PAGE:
After much delay, I comment on the following stories from the anthology Tales of Mystery and Imagination, uncovered in the rot of a barely reachable upper shelf in a used bookstore of Rio de Janeiro.
Unifying characteristics: masterful use of language, gripping element of suspense, and an affinity for the macabre. Challenging prose by all means, yet engaging. One can observe Poe’s lasting imprint on so much of the posterior literature.
A Descent into the Maelstrom. A nightmarish scenario set in a Norwegian marine landscape, impeccably related. Reminded me of something Conrad might have written with a flair for the horroresque.
The Fall in the House of Usher. A fine example of a classic Gothic narrative. A decrepit house, characters of questionable psychosis, bleak environment, supernatural phenomena, the tale contains the right ingredients. As a bonus, provides a series of literary references of potential interest to readers. I hadn’t even heard of one of the Gothic genre pioneers, Ann Radcliffe, prior to this read.
The Pit and the Pendulum. Another classic Gothic narrative, this time set within the deathly chambers of the Spanish inquisition. Read twice. Not for the claustrophobic.
The Cask of Amontillado. A Gothic revenge tale. I particularly enjoyed the way Poe paints the creepy subterranean.
The Oval Portrait. A very short piece indeed that aims to entirely decompose and possess the depths of a portrait hanging in the room.
Loss of Breath. A satirical narrative of notably visceral, dark humor. A wonderful contrast to the typically moody tone inherent to this collection.
Shadow - a parable. Not certain if I understood the symbolism behind this one, even after a reread. It did, however, read beautifully.
Silence - a fable. Another one that I read twice for the pure visual it evokes. Written in a unique, rhythmic form. Reads almost as a form of meditation.
The Man of the Crowd. An urban adventure stroll. I read this one twice as well, something that I here particularly recommend, as the first attempt unravels an aspect that enhances the reading experience the second time around.
Some Words With a Mummy. Yet another witty satirical story of the few. If I was capable of genuine, unconstrained human laughter, this would be the one to evoke it. The title should speak for itself.
MS. Found in a Bottle. A seafaring adventure that I’m afraid I little grasped. If memory serves, it was the first in the anthology, which, considering my unfamiliarity with Poe’s body of work, hardly helped.
The Imp of the Perverse. Reads more like a well crafted and eloquently penned essay of a lunatic. But let that not make an ounce of difference.
The Facts in the Case of M. Valdemar. An early rendition of the ‘body horror’ genre. I could imagine this a perfect source of inspiration for the film director David Cronenberg’s 80’s/90’s cinema (Scanners, Videodrone, Existenz).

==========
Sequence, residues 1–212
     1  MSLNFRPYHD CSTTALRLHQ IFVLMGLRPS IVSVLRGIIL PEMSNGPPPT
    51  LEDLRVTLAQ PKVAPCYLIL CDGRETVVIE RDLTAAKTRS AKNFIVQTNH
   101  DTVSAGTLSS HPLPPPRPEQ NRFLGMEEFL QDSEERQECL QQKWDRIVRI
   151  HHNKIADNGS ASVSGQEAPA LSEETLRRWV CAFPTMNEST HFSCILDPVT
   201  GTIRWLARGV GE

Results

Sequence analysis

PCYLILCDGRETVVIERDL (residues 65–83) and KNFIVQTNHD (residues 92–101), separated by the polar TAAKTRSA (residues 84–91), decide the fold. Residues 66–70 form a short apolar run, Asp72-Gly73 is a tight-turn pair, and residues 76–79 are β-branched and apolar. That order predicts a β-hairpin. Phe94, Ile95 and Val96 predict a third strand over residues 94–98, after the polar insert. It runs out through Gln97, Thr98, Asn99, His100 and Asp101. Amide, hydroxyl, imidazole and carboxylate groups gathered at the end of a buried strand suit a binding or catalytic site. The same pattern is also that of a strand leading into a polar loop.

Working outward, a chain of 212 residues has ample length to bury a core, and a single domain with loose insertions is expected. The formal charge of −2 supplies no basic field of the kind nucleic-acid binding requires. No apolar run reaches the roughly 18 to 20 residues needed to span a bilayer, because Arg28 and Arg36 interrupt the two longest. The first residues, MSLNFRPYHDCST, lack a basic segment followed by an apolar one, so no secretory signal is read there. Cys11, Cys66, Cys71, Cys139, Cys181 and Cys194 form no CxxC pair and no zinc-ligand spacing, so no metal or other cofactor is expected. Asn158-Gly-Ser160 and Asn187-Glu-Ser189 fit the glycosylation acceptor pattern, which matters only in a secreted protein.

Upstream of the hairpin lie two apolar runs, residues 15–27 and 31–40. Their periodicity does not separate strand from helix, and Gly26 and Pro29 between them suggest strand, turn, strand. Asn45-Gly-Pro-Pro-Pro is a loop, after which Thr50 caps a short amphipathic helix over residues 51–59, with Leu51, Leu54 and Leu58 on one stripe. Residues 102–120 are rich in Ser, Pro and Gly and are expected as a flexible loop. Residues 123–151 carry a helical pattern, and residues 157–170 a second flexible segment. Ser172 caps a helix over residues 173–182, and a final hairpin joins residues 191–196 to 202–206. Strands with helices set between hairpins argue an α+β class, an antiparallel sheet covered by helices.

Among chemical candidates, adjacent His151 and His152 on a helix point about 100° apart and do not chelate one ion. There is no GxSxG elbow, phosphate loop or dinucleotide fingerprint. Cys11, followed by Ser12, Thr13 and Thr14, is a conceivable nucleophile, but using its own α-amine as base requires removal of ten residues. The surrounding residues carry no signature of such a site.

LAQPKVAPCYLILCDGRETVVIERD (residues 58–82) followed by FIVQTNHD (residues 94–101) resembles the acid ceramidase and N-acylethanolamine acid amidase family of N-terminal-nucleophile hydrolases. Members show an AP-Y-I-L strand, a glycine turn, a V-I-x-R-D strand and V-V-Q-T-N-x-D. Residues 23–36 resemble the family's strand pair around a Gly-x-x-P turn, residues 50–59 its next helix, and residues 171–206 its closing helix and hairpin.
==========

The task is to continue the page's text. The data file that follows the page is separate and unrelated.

The Gold Bug. Half an adventure tale set on an island off the coast of South Carolina, and half a cryptography showcase, of which it is said for Poe to have been one of the earliest innovators.
The Murders in the Rue Morgue. It is said to be one of the earlier detective narratives in at least the English language. Introduces the self-made investigator, Monsieur Dupin. I believe it spawned a number of film adaptions.
The Mystery of Marie Rogêt. Another Dupin detective tale, although this one is not for the impatient. It is written in the style of an over-analytical essay, and lacks that traditional element of an interminable short story flow.
The Purloined Letter. The third in the Dupin series, reads in the same engaging style as Rue Morgue.
Premature Burial. A macabre testament to one of Poe’s phobias, who is said to have been beset by many.
The Black Cat. Poe here appeals to the extremities of the grotesque. Like the Imp of the Perverse, written in the perspective of a man of questionable faculty, in what otherwise appears logical and coherent tongue.
The Mask of the Red Death. A fictitious epidemic scenario set in some uncertain medieval epoch. I had a stark recollection of having read this some 20+ years earlier in a school literature textbook. Beyond the obvious case of the title, this one basks of symbolism.
The Oblong Box. A suspense scenario on a ship among an aristocratic cast of questionable motive. One of the less memorable of the lot.
The Tell-Tale Heart. Yet another first-person confession of a madman. Poe indeed had a flair for the perverse.
Ligeia. A longer one, for a part of which I felt hopelessly lost in the rhetoric. It much deserves another read. Ligeia leverages aspects of the Gothic (not entirely unlike the House of Usher) and adds a touch of magic realism to surge over a century later, characteristic of Cortazar, Allende, Marquez and the likes.
William Wilson. A Doppelgänger novella reminiscent in spirit (although not writing style) to Dostoevsky’s the Double, the latter published not long after.
Questions, comments? Connect.